About the book (from Wikipedia):
In Praise of Folly is an essay written in Latin in 1509 by Desiderius Erasmus of Rotterdam and first printed in June 1511. Inspired by previous works of the Italian humanist Faustino Perisauli’s De Triumpho Stultitiae, it is a satirical attack on superstitions and other traditions of European society as well as on the western Church.
Erasmus revised and extended his work, which was originally written in the space of a week while sojourning with Sir Thomas More at More’s estate in Bucklersbury. In Praise of Folly is considered one of the most notable works of the Renaissance and played an important role in the beginnings of the Protestant Reformation.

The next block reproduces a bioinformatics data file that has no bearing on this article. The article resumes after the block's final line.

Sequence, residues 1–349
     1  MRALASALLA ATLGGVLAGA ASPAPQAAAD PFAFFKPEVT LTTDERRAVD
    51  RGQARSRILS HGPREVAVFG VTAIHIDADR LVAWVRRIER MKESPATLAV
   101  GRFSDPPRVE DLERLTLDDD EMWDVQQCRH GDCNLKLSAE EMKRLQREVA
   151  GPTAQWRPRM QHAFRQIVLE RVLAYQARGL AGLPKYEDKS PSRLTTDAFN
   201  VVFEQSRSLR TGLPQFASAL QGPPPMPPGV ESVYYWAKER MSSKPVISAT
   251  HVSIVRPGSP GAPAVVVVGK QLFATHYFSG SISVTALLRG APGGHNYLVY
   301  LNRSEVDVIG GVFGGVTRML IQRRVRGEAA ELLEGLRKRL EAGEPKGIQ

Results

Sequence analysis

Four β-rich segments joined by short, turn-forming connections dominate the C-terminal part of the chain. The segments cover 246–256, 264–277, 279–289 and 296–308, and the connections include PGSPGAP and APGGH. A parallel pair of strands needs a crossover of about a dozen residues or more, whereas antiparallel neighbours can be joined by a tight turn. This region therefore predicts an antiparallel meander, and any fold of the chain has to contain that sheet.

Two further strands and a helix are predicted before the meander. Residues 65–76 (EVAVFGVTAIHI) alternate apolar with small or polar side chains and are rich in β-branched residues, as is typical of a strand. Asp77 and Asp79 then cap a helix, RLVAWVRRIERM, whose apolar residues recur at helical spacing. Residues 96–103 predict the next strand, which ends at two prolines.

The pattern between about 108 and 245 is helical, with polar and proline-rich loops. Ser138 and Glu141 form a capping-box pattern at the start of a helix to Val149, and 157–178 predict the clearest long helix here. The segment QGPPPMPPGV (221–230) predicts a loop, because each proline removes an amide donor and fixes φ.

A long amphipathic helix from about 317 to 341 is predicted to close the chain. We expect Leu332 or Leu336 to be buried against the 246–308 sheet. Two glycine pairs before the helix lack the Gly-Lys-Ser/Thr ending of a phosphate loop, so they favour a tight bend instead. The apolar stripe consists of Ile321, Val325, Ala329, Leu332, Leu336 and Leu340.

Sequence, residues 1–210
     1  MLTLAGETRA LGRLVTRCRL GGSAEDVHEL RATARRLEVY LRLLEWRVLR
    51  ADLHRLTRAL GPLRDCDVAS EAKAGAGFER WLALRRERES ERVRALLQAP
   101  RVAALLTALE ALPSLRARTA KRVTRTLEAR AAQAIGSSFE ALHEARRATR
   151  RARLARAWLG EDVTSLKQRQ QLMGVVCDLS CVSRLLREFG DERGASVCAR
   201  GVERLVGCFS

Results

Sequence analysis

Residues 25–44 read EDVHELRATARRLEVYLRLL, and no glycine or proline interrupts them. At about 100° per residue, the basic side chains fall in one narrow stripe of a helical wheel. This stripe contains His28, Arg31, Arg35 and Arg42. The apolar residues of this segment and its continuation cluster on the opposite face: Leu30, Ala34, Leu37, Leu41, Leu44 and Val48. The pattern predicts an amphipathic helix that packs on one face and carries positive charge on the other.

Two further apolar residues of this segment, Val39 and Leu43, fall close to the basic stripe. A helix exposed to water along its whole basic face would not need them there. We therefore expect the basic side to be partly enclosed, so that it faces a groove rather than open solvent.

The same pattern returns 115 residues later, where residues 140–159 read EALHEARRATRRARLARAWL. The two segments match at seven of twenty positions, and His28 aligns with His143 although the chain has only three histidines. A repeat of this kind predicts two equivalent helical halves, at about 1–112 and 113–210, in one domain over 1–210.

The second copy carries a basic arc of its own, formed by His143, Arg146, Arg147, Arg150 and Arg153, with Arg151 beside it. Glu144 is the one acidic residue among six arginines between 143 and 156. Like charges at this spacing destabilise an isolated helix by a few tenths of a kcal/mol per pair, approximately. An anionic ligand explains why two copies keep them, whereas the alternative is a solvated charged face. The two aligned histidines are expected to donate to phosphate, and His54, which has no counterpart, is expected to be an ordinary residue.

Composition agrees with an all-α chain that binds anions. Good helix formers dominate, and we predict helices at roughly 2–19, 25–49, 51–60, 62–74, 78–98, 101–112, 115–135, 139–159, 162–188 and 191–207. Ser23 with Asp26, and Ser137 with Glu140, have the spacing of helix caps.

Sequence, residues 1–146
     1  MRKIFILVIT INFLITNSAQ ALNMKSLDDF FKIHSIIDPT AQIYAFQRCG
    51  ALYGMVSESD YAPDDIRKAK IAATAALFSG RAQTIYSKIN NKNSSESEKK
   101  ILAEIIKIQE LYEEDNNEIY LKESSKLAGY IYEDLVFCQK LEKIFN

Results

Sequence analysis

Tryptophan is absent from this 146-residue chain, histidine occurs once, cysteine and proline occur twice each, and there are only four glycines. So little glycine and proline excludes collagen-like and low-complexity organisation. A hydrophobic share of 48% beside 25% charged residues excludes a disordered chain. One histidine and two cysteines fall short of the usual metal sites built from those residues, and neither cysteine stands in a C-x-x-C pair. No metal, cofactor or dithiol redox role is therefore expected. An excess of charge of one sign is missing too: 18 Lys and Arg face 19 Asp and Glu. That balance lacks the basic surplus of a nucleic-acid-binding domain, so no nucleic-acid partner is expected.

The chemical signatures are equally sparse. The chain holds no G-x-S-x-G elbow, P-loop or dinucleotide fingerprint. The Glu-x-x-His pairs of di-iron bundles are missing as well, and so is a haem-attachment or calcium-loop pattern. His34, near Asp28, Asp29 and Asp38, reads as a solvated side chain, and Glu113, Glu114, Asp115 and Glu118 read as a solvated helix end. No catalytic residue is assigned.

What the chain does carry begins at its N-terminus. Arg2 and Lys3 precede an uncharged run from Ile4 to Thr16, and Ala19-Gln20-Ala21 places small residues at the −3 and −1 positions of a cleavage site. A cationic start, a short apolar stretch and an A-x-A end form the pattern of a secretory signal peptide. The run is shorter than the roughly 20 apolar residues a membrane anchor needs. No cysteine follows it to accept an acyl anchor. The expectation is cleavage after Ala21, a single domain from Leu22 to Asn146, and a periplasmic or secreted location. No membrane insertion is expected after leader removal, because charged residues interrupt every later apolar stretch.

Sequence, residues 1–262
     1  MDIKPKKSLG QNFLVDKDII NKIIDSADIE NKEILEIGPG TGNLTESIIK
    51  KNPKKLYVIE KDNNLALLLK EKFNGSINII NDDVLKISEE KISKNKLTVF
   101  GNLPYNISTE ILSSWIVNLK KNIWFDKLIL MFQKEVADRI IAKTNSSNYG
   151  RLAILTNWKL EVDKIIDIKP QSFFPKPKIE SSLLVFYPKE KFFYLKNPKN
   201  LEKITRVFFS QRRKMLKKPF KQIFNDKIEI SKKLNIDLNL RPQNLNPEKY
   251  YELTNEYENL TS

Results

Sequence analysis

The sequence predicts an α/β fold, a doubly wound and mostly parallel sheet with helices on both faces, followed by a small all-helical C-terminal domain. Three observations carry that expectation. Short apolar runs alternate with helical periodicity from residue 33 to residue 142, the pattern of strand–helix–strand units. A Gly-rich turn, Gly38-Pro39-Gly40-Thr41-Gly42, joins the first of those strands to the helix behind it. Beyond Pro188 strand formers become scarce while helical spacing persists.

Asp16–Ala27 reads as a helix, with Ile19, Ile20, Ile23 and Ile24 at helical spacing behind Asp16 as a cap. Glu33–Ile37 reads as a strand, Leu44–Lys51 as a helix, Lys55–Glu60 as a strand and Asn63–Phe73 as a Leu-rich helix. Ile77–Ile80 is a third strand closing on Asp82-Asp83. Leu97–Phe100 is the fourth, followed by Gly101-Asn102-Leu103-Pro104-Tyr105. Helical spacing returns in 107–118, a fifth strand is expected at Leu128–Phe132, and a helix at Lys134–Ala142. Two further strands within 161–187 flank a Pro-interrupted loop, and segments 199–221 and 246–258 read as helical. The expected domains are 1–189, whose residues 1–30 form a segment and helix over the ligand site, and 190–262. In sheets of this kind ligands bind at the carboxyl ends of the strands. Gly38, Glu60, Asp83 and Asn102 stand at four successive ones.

In Praise of Folly starts off with a satirical learned encomium, in which Folly praises herself, after the manner of the Greek satirist Lucian, whose work Erasmus and Sir Thomas More had recently translated into Latin, a piece of virtuoso foolery; it then takes a darker tone in a series of orations, as Folly praises self-deception and madness and moves to a satirical examination of pious but superstitious abuses of Catholic doctrine and corrupt practices in parts of the Roman Catholic Church—to which Erasmus was ever faithful—and the folly of pedants. Erasmus had recently returned disappointed from Rome, where he had turned down offers of advancement in the curia, and Folly increasingly takes on Erasmus’ own chastising voice. The essay ends with a straightforward statement of Christian ideals.